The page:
Have You Got Power of Attorney?
|In recent weeks there has been some media attention around families encountering difficulties as a result of a parent handing control of their finances to one or more of their adult children.|
The sensationalist coverage inferred that entrusting decision-making to a family member was a risky practice. For most families however, the reality is quite the opposite where, particularly when it is properly documented and planned.
What is a Power of Attorney?
|A Power of Attorney is a legal document that authorises someone to act on your behalf when you are no longer capable of making decisions for yourself.|
If you find yourself in a position where you have lost this capability, either permanently or temporarily, due to an illness or an accident, it’s really important that you have a POA in place.
The laws relating to POAs aren’t the same across Australia, so you’ll need to check what applies in your State. For example, in Victoria there are four recognised POAs, covering different types of decisions:
- Enduring Power of Attorney (Financial) enables someone to make financial and legal decisions for you
- Enduring Power of Attorney (Medical Treatment) enables someone to make decisions about your medical treatment
- Enduring Power of Guardianship enables someone to make personal and lifestyle decisions for you, e.g. a decision about your ongoing ability to cope in your own home
- General Power of Attorney enables someone to make specified financial and legal decisions for you. This POA only applies while you still have the capacity to make your own decisions.
|If you live in Victoria you can have any or all of these POAs and assign different ones to different people if that is the best option for you.|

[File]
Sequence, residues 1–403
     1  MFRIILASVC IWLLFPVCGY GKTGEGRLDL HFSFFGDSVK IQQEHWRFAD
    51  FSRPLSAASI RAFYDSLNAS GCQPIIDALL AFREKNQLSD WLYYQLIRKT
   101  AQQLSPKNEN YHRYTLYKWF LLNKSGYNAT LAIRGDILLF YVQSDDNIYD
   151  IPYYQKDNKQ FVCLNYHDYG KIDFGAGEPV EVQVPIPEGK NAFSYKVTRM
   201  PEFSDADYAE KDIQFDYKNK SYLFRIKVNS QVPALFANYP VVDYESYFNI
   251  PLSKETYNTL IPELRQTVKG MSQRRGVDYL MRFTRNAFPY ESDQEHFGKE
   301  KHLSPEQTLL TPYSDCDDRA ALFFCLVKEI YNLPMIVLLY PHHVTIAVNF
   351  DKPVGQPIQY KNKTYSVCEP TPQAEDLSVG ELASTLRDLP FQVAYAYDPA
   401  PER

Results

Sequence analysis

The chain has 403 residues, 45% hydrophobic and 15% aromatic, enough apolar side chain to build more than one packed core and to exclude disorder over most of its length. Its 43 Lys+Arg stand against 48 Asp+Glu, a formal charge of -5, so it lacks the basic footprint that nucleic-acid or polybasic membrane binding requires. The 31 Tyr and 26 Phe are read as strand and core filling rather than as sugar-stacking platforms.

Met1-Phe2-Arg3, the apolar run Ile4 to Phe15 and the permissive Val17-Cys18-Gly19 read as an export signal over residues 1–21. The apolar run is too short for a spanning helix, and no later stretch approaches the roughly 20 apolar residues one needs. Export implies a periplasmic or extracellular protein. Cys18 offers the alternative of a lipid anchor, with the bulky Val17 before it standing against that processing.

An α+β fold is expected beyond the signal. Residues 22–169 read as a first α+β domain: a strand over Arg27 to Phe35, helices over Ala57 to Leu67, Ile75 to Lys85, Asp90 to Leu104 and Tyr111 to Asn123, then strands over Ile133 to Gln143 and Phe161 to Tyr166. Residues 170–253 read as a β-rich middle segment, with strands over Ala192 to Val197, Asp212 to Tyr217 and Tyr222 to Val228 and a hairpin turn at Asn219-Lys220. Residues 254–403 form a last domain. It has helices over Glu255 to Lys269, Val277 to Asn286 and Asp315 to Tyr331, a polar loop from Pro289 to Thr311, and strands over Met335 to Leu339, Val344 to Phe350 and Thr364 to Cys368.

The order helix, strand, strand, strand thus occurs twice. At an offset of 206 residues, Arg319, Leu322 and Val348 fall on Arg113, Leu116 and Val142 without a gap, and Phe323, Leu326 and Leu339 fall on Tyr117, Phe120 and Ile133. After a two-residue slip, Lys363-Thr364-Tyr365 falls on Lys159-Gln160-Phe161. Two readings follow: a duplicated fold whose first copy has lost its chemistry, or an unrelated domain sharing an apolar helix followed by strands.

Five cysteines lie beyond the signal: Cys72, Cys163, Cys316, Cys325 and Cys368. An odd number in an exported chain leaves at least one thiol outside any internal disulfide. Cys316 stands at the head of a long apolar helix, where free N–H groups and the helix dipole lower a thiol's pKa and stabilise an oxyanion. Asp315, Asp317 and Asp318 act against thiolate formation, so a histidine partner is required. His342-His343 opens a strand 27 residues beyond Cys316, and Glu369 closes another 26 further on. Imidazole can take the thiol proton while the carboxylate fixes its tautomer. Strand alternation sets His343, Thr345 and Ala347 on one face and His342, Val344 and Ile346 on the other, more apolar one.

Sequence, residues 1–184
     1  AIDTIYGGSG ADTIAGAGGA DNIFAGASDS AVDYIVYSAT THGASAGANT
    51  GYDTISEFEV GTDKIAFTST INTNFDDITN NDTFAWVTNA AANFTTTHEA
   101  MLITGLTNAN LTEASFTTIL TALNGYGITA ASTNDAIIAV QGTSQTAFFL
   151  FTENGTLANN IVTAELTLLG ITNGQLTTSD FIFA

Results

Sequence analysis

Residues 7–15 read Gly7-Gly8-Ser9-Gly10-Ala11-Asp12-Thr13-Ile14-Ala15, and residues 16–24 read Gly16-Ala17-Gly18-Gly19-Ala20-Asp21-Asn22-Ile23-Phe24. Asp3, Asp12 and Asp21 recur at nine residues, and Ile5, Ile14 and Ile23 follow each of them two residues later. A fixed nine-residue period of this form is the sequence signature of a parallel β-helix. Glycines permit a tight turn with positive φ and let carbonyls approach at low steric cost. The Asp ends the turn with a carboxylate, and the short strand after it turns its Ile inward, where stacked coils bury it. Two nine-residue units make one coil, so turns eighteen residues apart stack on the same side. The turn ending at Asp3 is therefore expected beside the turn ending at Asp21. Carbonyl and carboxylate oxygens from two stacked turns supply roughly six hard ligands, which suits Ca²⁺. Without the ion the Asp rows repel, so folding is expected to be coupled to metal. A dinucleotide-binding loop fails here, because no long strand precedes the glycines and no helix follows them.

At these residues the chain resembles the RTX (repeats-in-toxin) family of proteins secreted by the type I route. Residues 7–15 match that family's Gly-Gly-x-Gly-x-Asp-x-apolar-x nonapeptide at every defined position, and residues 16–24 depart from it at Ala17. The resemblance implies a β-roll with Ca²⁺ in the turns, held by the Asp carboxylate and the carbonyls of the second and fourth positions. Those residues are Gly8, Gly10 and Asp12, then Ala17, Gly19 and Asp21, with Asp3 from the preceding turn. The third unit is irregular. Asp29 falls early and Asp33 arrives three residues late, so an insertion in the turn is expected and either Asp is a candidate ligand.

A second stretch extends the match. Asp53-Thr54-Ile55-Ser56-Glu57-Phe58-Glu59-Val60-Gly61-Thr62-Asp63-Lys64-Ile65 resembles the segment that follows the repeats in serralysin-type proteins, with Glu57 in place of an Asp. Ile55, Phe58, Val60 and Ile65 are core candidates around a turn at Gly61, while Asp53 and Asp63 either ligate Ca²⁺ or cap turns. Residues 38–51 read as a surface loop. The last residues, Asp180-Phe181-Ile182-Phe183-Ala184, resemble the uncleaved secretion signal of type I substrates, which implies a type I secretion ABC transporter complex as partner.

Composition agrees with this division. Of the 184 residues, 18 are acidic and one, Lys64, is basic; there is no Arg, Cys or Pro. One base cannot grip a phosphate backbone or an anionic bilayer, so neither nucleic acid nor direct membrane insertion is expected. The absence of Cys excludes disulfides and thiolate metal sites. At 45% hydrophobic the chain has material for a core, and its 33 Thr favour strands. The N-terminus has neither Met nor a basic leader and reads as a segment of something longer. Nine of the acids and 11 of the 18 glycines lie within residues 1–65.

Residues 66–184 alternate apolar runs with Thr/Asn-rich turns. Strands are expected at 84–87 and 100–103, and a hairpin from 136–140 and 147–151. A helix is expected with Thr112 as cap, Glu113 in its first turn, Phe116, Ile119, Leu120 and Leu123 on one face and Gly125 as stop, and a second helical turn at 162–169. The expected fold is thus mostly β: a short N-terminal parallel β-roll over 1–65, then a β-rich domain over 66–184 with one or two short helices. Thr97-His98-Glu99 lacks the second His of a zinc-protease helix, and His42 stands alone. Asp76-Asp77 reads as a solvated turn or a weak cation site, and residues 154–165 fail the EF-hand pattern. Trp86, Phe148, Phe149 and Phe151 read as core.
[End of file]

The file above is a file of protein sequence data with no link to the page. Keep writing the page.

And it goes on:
Why have a POA?
|While we don’t like to think about our health failing, the reality for many people is that general aging leads to a reduced capacity for reasoning, or for understanding, retaining, believing, evaluating or weighing up relevant information. |
With this sobering thought in mind, it’s vital that you organise a POA as soon as possible and definitely before you lose any mental capacity. If you reach a point where you can’t fully understand the documentation for your POA (as verified by an authorised witness) you can’t actually have one!
In addition, if you don’t have a POA in place it can be a time-consuming and costly exercise for family members who find they need to make application to the courts for one.
Key decisions to make now
|When it comes to organising Powers of Attorney, you have two key decisions:|
1. Who you should appoint as your attorney and decision-maker
2. What type or types of POA you should choose
Clearly these decisions will vary from person to person and from family to family.
A trusted and capable family member is a common choice for most people. However you need to be confident in their ability to look after your affairs and should have second thoughts about appointing someone you know to be experiencing financial or other difficulties that may lead to impaired judgments on your behalf.
You can appoint joint attorneys, but be sure that all parties are likely to be available when required and can be relied upon to generally agree on the issues that will affect you.
Having an offspring who’s a lawyer or a doctor doesn’t necessarily mean they are automatic choices for Enduring POAs for Financial or Medical Treatment either.
|Appointing a Power of Attorney is important and should ideally be done as soon as someone becomes an adult. For more information on POAs in your State, visit one of the websites shown below, or speak to your financial adviser.|